Can going conical save young trees in forest-rich Bhutan?

Choki Wangmo

When Ugyen’s father expired in 2018, family members had fallout before hoisting the mani prayers. The elders wanted to hoist 108 prayer flags while the younger members suggested the conical flag where 108 flags can be strung from a single tree.

Ugyen and his siblings convinced the elders. He recalls getting accused by his elders of looking for an easy way to wash their hands off the ritual but he reasoned that cutting 108 fresh trees for the dead might rather hinder his liberation. “Buddhist believe that all living things have a life. It is the same as killing,” he said.

In the face of a shortage of new wooden flagpoles and rising environmental concerns from deforestation, younger generations in urban areas have resorted to conical, steel and bamboo flagpoles.  The conventional style, for many who understands the impact on the environment, could be a welcome change.

A naturalist, Tshultrim, said that the pressure on the forest resource from cutting trees is visible on the mountains. “Each time a person dies, young trees are cut and younger ones are prone to a forest fire.”

Tshering Penjor said that trees cut down for flagpoles are environmentally harmful and the future consequences might be dire. When the tree is cut, the whole ecosystem niche is disturbed, he said. He said that other alternatives such as hoisting prayer flags on bamboo and steel is logical as long as the mantras on the flags are visible and hoisted. 

“The purpose is served and the culture has to evolve with time too.”

Rinzin, 68, from Wangduephodrang said that the new way of hoisting prayer flags in urban areas was in line with the Tibetan bon tradition. In Tibet, it was difficult to find trees, therefore, they had to look for other alternatives. “The new method is easier, but I have only hoisted using the wooden poles.”

The bark has to be removed to reduce fungal infection, which also helps flags flutter properly. The tree has to be new, he added.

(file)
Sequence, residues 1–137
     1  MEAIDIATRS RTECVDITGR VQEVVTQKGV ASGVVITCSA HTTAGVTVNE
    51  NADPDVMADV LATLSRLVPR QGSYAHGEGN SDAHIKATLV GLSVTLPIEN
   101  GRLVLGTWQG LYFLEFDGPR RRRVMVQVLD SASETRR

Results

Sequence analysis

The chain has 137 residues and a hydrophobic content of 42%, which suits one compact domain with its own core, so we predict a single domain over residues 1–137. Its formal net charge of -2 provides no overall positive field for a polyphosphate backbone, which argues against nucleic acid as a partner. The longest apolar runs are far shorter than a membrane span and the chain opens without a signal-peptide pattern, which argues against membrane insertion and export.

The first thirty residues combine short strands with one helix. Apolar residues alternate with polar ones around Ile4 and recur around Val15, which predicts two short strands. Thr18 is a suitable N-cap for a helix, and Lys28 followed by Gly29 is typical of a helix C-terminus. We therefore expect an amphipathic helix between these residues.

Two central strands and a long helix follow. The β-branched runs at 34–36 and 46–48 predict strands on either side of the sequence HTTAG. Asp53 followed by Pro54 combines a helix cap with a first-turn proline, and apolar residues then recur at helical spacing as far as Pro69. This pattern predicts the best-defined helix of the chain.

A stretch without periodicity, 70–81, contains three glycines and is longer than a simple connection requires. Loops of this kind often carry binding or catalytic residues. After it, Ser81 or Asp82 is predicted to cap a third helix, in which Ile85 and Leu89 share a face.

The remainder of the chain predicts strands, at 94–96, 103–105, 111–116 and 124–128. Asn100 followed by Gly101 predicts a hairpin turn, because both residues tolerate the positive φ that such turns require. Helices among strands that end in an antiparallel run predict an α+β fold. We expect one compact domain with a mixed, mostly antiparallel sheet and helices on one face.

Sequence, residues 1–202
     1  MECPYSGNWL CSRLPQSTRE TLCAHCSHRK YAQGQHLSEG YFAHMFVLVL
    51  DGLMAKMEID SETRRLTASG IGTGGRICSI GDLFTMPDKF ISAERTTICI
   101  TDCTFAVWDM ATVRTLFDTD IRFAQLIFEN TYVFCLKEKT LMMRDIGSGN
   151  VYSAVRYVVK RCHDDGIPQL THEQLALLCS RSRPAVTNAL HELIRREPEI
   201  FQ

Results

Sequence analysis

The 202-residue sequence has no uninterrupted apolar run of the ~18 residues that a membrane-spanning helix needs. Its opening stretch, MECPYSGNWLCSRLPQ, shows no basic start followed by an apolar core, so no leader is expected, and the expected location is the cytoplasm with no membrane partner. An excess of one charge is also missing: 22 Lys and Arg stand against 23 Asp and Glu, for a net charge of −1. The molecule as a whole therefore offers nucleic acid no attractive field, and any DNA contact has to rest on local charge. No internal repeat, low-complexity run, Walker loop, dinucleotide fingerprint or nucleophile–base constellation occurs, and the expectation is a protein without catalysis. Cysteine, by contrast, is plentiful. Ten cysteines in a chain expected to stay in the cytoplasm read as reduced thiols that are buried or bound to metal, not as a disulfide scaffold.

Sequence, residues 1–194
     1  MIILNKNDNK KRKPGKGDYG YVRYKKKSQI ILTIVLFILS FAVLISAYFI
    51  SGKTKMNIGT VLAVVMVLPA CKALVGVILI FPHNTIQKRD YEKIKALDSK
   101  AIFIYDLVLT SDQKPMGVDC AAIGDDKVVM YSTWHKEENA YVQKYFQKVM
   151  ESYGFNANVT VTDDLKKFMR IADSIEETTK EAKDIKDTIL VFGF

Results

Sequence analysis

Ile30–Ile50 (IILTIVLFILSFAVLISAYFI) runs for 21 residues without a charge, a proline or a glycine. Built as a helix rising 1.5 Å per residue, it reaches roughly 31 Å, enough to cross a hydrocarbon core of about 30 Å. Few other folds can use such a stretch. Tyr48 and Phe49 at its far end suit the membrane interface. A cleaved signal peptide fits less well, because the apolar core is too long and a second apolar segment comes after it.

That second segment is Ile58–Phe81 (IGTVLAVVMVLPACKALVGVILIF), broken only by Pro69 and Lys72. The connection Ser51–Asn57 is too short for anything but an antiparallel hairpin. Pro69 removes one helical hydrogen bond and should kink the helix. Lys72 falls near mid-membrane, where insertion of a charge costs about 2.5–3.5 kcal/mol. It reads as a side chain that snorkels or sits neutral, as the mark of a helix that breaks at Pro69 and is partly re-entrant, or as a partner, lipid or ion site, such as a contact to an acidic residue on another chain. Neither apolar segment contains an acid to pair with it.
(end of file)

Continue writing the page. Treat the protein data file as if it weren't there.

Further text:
The pressure on the forest is in the records of the forestry department.

Last year alone, Thimphu forest division issued 6,912 trees to be used as flagpoles within the Chang, Dagala, Mewang and Kawang gewogs. On average, it amounts to 18 trees a day.

The record with the forest department showed an increasing trend of trees issued as flagpoles over the years. From 2012 to 2017, 189,105 flagpoles were issued across different parts of the country. Since 2012 until last year, it is 26,499.35 m3 of trees.  A normal truck can carry between eight and 16 m3 of wood.

Species such as blue pine, hemlock, chirpine, symplocus, sliver fir, spruce, larix, juniper, bamboo, eucalyptus and cryptomeria are used as flagpoles.

While the department maintains that people chose fresh trees over old ones for prayer flags to help the dead find the right path in the next life, the chief forestry officer of Thimphu, Gyeltshen Drukpa, said that except for 29 fresh trees, many people were reusing old poles.

He said that increasing demand for wooden flagpoles had rather helped in forest management through thinning and removal of the old and the infected trees.

The department issues woods from fire-prone areas that are bound to die and vulnerable to infection from bark beetle.

Gyeltshen Drukpa said that the department had asked the Natural Resource Development Corporation limited to take ownership of allocating the flagpoles. “It would be commercially viable and would also help in providing better service for people.”

The royalty is Nu 2 per pole in rural areas and Nu 4 in urban areas.

Buddhist believe in hoisting 108 fresh prayer flags for the deceased. But in recent years, in the town areas like Thimphu, the tradition has observed a drastic change.

The new method, however, might have a negative impact on horned wildlife, said some conservationists. It would be an introduction of new elements in their habitat which would take time for them to adapt. Negative impact would be inevitable.

Although culture dictates 108 prayer flags for a death ritual, a former lam Neten with the central monastic body, said that it was not necessary and none of the Buddhist scriptures make it mandatory. “It doesn’t matter what the prayer flag is attached to as long as the mantras on the flags are lucid.”

Buddhism values live and believe that the trees also have a life force, which if cut would result in accumulating negative karma. Bhutanese connect hoisting prayer flags to the trinity Buddha—Avalokiteshvara, Manjushri and Vajrapani—but there are no written rules.

“People hoist 108 flags to fulfill cultural beliefs,” the former Lam Neten said.

It is believed that the more flags you hoist, the better is the benefit for the deceased. “This adds pressure on the people and the forest,” said Ugyen. When his uncle died last year, he failed to convince his cousin. They hoisted 500 prayers in Thimphu and Paro mostly reusing old flagpoles.